Degrees of separation: As college enrollment drops, trade school sign-ups rise

Six figures of debt and no job? Minimal debt and a job with an above-median salary? The latter’s appeal is growing.

Those “America is short on skilled labor” alarm bells have been going off for years now.

increase in skilled trade program enrollment

There are active shortages of ~500k construction workers, 600k+ auto technicians, and ~800k manufacturing jobs. (Plus, there’s a scarcity of carpenters.)

But we’re now seeing an encouraging sign that those bells may be answered — and then perhaps tuned up and served some dinner.

Recent enrollment data from the National Student Clearinghouse Research Center shows trade school interest is on the up-and-up, with double-digit increases in many vocational programs, including mechanic, repair, construction, and culinary courses.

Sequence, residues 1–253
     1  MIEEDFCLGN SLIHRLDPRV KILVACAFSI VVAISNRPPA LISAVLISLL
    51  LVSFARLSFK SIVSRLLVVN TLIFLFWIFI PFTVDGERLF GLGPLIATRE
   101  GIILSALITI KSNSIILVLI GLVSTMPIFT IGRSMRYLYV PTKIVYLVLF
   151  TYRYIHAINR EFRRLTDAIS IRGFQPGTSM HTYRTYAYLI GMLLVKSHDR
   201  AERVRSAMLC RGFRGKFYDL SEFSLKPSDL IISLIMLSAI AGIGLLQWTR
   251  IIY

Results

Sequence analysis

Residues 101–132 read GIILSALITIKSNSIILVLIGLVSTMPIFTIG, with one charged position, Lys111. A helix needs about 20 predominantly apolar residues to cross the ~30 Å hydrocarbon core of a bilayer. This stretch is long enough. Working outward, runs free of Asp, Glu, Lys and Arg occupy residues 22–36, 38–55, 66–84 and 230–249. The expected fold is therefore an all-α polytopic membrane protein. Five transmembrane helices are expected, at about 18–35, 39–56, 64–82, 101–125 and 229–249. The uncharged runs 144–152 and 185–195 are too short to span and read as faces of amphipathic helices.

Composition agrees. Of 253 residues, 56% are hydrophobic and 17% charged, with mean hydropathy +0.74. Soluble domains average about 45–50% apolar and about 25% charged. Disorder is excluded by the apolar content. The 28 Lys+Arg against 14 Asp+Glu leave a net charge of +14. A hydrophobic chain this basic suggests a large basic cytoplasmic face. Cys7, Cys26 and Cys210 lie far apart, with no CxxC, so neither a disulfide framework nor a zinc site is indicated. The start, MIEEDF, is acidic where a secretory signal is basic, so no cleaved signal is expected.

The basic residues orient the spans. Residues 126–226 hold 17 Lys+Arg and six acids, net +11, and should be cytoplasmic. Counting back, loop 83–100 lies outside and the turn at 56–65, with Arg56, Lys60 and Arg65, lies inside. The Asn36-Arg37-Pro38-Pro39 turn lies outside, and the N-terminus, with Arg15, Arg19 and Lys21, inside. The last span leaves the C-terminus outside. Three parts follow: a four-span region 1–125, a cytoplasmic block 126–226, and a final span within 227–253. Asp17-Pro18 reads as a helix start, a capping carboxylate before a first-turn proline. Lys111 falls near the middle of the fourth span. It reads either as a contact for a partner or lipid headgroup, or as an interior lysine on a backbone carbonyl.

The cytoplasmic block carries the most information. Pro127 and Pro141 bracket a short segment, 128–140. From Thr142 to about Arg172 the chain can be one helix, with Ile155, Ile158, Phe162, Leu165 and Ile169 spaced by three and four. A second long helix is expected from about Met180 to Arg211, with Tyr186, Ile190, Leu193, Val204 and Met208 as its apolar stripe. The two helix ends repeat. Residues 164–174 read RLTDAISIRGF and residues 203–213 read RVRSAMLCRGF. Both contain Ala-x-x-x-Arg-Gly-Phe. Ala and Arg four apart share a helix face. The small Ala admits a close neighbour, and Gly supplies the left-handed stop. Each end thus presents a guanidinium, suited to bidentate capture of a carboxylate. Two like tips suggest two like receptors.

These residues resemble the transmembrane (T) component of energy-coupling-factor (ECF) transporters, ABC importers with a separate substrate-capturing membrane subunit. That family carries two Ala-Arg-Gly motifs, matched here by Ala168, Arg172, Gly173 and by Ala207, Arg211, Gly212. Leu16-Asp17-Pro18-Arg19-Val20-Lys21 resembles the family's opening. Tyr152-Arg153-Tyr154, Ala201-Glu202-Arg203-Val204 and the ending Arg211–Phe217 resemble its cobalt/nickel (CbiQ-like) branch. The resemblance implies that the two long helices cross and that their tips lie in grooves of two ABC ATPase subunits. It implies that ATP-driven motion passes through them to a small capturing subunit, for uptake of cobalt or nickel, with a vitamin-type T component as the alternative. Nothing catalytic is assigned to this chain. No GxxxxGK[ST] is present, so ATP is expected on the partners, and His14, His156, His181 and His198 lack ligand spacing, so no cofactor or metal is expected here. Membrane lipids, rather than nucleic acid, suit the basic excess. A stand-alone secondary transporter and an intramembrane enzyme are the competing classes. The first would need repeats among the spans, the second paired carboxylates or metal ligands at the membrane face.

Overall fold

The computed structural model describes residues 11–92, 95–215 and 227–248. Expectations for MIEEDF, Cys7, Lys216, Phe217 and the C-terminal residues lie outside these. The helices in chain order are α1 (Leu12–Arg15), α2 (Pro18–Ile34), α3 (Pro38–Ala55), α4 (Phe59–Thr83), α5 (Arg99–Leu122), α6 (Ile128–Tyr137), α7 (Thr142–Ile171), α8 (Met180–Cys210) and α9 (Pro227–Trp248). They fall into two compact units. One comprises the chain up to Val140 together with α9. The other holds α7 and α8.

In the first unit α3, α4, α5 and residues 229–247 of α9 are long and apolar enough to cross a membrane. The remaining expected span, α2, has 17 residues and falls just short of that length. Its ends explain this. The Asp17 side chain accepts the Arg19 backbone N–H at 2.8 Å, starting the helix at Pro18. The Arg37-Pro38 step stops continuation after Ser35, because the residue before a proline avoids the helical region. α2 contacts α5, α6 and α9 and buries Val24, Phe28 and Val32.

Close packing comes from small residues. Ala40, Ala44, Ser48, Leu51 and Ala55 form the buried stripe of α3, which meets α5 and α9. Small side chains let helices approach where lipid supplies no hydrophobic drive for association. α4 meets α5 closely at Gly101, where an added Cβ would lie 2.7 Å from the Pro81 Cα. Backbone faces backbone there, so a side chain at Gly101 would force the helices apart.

• That’s quite unlike two- and four-year college enrollment, which is on the down-and-down (7.8% and 3.4%, respectively, for public programs).

Mindsets are shifting

These numbers partially represent a pandemic rebound — as hands-on fields strained to offer hands-on training, enrollment in the trades dropped — but that’s not the entire story here.

Young people are choosing trade schools over degree programs because, well, it’s just more financially practical at this point, according to The Hechinger Report.

  • The Washington state auditor found public universities ~2x, and private colleges 10x, more expensive than a technical education.

But mostly, it’s about what happens after: The promise of actually having a job.

  • Federal data shows trade school students are more likely to be employed after school than their high-spending university counterparts — and much more likely to work in their fields of study, too.

Those trade jobs are hardly paying beans. Per Georgetown University’s Good Jobs Project, many are among the 30m jobs paying $55k+ per year that don’t require a four-year degree.

BTW: Need more job perks? We assume the 50k workers the US Navy is currently seeking to build its nuclear submarines will all be hired as consultants on a future Michael Bay film.

Topics: Education Economy

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